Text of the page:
Among the dead are innocent people who have nothing to do with the rival gangs that clashed, humanitarian sources reported.
At least 21 people were killed in the commune of Petite Rivière in the department of l'Artibonite, in north-central Haiti, as a result of new clashes between rival armed gangs, humanitarian sources reported.
The number of victims of the armed conflict between the "Grand Grif" base and the gang led by Jean Denis in Petite-Rivière de l'Artibonite continues to rise.
The Collectif Defenders Plus, a human rights organization, tallied up twenty dead as of Friday, July 22 of this year.
Anthonal Mortimé, co-director of the organization, who revealed the information to Juno7's editorial staff on Friday, said that the organization has two focal points collecting data in the department of Artibonite, in north-central Haiti.
#Haiti | Rivalries between armed gangs have killed 99 people during the last week and trapped nearly 300,000 people in the Cite Soleil section of Haiti's capital Port-au-Prince, a UN spokesman said on Friday.https://t.co/h9TBXA49P5 pic.twitter.com/gb5CIlgZ6W— teleSUR English (@telesurenglish) July 16, 2022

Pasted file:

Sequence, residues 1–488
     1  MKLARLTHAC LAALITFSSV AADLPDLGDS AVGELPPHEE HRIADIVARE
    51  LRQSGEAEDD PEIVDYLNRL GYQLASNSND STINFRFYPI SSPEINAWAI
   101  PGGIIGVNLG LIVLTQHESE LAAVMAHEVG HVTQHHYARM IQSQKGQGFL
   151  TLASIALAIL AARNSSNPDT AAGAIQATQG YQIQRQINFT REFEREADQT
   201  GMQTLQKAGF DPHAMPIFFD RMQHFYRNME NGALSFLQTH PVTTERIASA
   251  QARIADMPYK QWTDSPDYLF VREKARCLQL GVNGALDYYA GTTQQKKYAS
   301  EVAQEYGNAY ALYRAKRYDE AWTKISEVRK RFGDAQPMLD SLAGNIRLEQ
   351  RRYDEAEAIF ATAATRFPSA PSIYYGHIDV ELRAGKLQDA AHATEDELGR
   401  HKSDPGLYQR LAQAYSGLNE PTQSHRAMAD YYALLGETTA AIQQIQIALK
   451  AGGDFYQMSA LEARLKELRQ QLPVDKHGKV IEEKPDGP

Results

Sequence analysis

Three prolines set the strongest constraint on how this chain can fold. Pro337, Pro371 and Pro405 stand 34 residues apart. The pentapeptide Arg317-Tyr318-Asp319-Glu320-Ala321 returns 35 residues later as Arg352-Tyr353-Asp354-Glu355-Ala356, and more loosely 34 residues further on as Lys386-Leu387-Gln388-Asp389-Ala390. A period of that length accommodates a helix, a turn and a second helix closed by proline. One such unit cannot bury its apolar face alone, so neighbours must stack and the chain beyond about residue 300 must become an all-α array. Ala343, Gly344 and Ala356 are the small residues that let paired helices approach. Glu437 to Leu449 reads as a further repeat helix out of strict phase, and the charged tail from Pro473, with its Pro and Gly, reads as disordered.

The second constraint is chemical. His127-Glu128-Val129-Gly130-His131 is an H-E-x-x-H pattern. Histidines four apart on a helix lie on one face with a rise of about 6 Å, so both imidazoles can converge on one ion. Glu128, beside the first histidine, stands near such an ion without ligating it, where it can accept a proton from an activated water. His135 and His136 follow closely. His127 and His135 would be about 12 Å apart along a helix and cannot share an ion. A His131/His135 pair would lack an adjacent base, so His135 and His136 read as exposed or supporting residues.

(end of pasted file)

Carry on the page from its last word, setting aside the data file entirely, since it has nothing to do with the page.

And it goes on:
The human rights defender stresses that among the victims several were chopped with machetes or burned alive.
"Videos that have gone viral on the web show members of the civilian population, innocent people, people who have nothing to do with the conflict suffering humiliation and death. The situation is similar to that of Cité Soleil," Mortimé laments.
"The police is almost non-existent in the Artibonite department. People are alone. There is only one representative of justice present, the government commissioner Grand Pierre Estimé, who does his job with scarce means," said the director of the NGO for Human Rights ACPRODDH, Fritznel Joasil.
Less than a week ago, the United Nations reported that at least 234 people had been killed or injured in just five days of violence between rival gangs in the Cité Soleil neighborhood, the poorest in the metropolitan area of Port-au-Prince, the Haitian capital.
The spokesman for the Office of the United Nations High Commissioner for Human Rights, Jeremy Laurence, recently urged the Haitian authorities to ensure the protection of fundamental rights and "combat impunity and sexual violence by strengthening human rights monitoring".
Nine countries led by Brazil presented before the United Nations Security Council a statement denouncing violence against women and girls in Haiti and called for international action for their protection.
Human rights organizations indicated that at least 300 people have died as a result of the conflict, most of them civilians and particularly vulnerable women and children.